11 questions we had about The Greatest Showman
I love a good movie musical. I think Moulin Rouge! is the only movie that makes me cry literally every time I see it. I have the Into the Woods soundtrack on my phone. The soundtrack from the movie. And so I admit, although I had rolled my eyes at the Greatest Showman marketing campaign and its attempts to turn P.T. Barnum into a sympathetic figure, by the time I sunk into my seat, I was begrudgingly excited. It's been a bleak year; who doesn't want to escape into a glittery song-and-dance land for 90 minutes?
But, within five minutes, my optimism soured into distaste and general confusion. Rather than commit to telling the story about an actual complex anti-hero, or even swinging for the fences, The Greatest Showman pulled itself in at every opportunity—resulting in something like Kidz Bop Baz Luhrmann, a Disney Channel-sanitized story filled with vague lyrics about reaching for the stars.
Needless to say, I had questions.
Do the people who made this movie know who P.T. Barnum was?
Do you know how the real P.T. Barnum started his career as a showman? He purchased an elderly slave woman named Joice Heth, who was blind and nearly completely paralyzed. He said she was 160 years old and had been George Washington's nurse, and exhibited her to the public until her death (at no more than 80 years of age).
I totally understand why The Greatest Showman might want to skip over the enslavement of an elderly woman, but the real stories of the characters they did decide to include aren't that much better.
In real life, Barnum began exhibiting his bearded lady (real name Annie Jones) when she was 9 months old as "The Infant Esau." He enlisted Charles Stratton, or "General Tom Thumb" when he was 4.
And it's not just the flat-out racist and abusive things in his real biography that this film straight out ignored: for all of the pints of ale he drank and shots he downed with Zac Efron's character, the real P.T. Barnum was a temperance speaker. He spent the 1850s touring the country to make money speaking about the evils of alcohol.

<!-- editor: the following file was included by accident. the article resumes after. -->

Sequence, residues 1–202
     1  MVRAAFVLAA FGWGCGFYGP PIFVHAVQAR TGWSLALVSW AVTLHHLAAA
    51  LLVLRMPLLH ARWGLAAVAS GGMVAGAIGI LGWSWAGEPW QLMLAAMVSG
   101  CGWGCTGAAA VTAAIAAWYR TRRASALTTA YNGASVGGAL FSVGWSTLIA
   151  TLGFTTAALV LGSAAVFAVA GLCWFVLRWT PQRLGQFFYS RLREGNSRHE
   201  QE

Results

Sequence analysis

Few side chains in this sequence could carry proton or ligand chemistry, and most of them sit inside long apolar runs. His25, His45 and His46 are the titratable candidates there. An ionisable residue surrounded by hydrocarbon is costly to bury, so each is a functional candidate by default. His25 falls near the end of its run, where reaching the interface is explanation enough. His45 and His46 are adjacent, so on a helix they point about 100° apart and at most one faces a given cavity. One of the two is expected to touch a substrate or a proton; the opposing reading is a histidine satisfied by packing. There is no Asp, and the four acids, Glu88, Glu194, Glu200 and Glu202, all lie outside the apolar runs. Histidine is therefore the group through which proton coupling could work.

And not that this fits the storyline of the movie, but later in life, when Barnum was a Connecticut state senator, he banned all forms of contraception—a law which remained in place until it was overturned by the Supreme Court nearly a hundred years later.
It's literally the only other thing on the "Known for" sidebar on his Wikipedia page: "Known for: Founding the Barnum & Bailey Circus, legislative sponsor of 1879 Connecticut anti-contraception law." This fictional Barnum spent so much time swirling his daughters around and telling them to pursue their dreams that he somehow forgot to mention that their dreams would be completely beholden to their biology and that all sex is for purposes of procreation only.
The real Barnum was certainly a figure interesting and complex enough to merit a movie. The only character misstep fictional Barnum makes is when he gets swept up in an attempt to get the upper class to accept him, and when Jenny Lind offers him a route to mainstream success, he casts aside the "freaks" who originally made his name. That's it: he cares so much about being popular that he forgets about his real friends. That's not complexity. That's the climax of an episode of Hannah Montana.
What the hell was that straw-man critic doing there?
The movie has a foil in a joyless newspaper critic who writes about how fake and shallow Barnum's circus offering is, giving Barnum the chance to become a mouthpiece for filmmakers who want to respond to their own critics. "Do their smiles look fake?" Barnum says when the writer makes the perfectly excellent point that Barnum is a total fraud. If people have fun, what's the harm? He argues. Barnum is the living embodiment of "for the fans, not the critics."
Aside from how transparent that straw-man creation is, here's the thing: that writer, James Gordon Bennett, was a real person. And he was a hell of a lot more impressive than the fake P.T. Barnum in this movie.
Bennett was born in Scotland and immigrated to the United States, where he began the New York Herald as a four-page penny paper he printed in a cellar. The Herald would go on to have the largest circulation of any newspaper in the world.